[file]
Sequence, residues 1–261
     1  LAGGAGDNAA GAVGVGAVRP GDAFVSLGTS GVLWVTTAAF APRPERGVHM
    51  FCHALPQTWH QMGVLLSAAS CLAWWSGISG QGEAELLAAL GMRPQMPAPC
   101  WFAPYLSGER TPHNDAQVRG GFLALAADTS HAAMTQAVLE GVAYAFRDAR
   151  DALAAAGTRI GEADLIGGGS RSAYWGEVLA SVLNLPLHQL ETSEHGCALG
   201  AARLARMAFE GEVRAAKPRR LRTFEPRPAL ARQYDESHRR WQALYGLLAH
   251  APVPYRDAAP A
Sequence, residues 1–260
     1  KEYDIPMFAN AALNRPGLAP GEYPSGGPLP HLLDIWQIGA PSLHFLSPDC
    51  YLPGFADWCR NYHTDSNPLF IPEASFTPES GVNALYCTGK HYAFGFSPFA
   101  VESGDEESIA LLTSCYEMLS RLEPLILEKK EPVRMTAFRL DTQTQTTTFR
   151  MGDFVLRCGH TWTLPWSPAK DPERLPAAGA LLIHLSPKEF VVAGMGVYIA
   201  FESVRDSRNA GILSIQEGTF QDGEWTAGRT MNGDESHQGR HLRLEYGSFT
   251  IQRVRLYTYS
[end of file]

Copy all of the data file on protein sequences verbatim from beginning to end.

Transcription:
Sequence, residues 1–261
     1  LAGGAGDNAA GAVGVGAVRP GDAFVSLGTS GVLWVTTAAF APRPERGVHM
    51  FCHALPQTWH QMGVLLSAAS CLAWWSGISG QGEAELLAAL GMRPQMPAPC
   101  WFAPYLSGER TPHNDAQVRG GFLALAADTS HAAMTQAVLE GVAYAFRDAR
   151  DALAAAGTRI GEADLIGGGS RSAYWGEVLA SVLNLPLHQL ETSEHGCALG
   201  AARLARMAFE GEVRAAKPRR LRTFEPRPAL ARQYDESHRR WQALYGLLAH
   251  APVPYRDAAP A
Sequence, residues 1–260
     1  KEYDIPMFAN AALNRPGLAP GEYPSGGPLP HLLDIWQIGA PSLHFLSPDC
    51  YLPGFADWCR NYHTDSNPLF IPEASFTPES GVNALYCTGK HYAFGFSPFA
   101  VESGDEESIA LLTSCYEMLS RLEPLILEKK EPVRMTAFRL DTQTQTTTFR
   151  MGDFVLRCGH TWTLPWSPAK DPERLPAAGA LLIHLSPKEF VVAGMGVYIA
   201  FESVRDSRNA GILSIQEGTF QDGEWTAGRT MNGDESHQGR HLRLEYGSFT
   251  IQRVRLYTYS